Facebook Inc (NASDAQ:FB) and Google will work with news organizations in France to combat fake news ahead of the upcoming presidential election campaign later this year.
The social media giant is teaming up with eight French media companies to fact check and filter news articles that have been reported by users, according to a report from The Verge.
Both Facebook and Google were criticized for allowing fake news to spread during the US presidential election.
What Facebook is going to do?
Le Monde, a daily afternoon newspaper in France and one of Facebook partners, said that the social media company is building a system that will allow users to report fake articles on its platform.
If a story is reported as false, it will be sent to a portal for fact checking. All eight media companies will have access to that portal, according to Le Monde.
After fact checking, if at least two of those media companies confirm the article as false, the content will be flagged as disputed in Facebook’s News Feed. Users will see a warning before sharing those disputed articles. According to Le Monde, the system will block advertising against the article.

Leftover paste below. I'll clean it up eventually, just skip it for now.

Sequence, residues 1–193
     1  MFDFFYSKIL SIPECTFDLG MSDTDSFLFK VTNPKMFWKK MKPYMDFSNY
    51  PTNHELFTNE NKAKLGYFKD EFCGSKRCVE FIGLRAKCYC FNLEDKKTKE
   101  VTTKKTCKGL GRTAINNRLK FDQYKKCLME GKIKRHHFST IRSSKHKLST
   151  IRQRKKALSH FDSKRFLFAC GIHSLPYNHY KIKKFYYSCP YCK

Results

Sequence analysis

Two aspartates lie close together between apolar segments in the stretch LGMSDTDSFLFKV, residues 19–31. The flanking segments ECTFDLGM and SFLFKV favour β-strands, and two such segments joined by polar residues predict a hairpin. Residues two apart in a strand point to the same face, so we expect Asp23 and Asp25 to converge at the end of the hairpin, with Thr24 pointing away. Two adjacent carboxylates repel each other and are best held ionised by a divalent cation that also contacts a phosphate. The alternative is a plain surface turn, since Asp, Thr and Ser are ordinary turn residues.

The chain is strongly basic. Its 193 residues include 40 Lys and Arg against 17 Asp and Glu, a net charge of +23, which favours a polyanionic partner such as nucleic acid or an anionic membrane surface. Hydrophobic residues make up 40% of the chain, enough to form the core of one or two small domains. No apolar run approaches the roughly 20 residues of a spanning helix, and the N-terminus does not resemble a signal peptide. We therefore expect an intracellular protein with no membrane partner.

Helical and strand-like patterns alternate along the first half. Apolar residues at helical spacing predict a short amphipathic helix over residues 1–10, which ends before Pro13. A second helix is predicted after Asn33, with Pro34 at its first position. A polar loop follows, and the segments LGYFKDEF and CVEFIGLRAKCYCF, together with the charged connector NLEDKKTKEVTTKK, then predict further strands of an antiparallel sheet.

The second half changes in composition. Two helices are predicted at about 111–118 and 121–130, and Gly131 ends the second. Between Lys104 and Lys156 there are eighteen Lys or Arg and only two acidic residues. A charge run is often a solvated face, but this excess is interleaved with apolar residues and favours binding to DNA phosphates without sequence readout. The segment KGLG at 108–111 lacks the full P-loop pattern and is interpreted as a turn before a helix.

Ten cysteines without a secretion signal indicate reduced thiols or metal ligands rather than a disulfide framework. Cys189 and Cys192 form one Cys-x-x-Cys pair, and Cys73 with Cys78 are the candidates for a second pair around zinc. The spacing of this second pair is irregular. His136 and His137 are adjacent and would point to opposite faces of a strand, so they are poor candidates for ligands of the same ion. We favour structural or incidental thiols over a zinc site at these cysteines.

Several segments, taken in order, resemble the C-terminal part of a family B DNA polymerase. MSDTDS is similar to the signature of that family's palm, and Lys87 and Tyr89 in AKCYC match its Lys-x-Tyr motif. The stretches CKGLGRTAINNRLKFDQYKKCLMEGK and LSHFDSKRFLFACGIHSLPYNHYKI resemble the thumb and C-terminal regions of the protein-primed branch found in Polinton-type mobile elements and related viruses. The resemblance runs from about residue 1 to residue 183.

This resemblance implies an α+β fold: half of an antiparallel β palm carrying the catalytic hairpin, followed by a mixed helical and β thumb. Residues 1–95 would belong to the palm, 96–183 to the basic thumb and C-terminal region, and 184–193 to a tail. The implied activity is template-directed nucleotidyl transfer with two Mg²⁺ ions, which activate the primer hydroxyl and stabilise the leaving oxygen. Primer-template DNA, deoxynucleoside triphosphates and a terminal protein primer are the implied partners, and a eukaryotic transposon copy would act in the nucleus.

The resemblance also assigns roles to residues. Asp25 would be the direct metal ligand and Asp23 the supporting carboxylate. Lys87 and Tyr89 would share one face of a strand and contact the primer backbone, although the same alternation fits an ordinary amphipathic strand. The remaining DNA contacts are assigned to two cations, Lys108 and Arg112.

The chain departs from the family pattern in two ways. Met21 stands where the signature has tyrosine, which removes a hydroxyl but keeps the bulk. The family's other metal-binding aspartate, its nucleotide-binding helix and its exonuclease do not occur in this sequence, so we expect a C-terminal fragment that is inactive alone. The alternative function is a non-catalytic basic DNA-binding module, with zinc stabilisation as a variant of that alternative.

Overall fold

In addition to Le Monde, other media companies include Agence France-Presse (AFP), France Télévisions, BuzzFeed, Global Voices, and Les Echos.
What will Google do?
First Draft Coalition is a network of more than 30 news and technology companies to tackle fake news and improve the quality of information on social media.
With the help of the Google News Lab, the coalition launched CrossCheck initiative to allow users to submit questions and gather information from 16 French media partners, Venture Beat reported.
Facebook said that it will support the initiative.
The search engine giant, owned by Alphabet Inc (NASDAQ:GOOG), will help the French people “make sense of what and who to trust in their social media feeds, web searches, and general online news consumption,” said David Dieudonné, Google’s News Lab lead in France.
“With combined expertise from across media and technology, CrossCheck aims to ensure hoaxes, rumors and false claims are swiftly debunked, and misleading or confusing stories are accurately reported,” Dieudonné added.
French media outlets have also launched their own initiatives to tackle fake news. For example, Le Monde newspaper has compiled a list of more than 600 websites deemed to be unreliable. The left-leaning newspaper Libération is also building a similar database of false stories.
The first round of France’s presidential elections will be held in April, with the second round scheduled for May.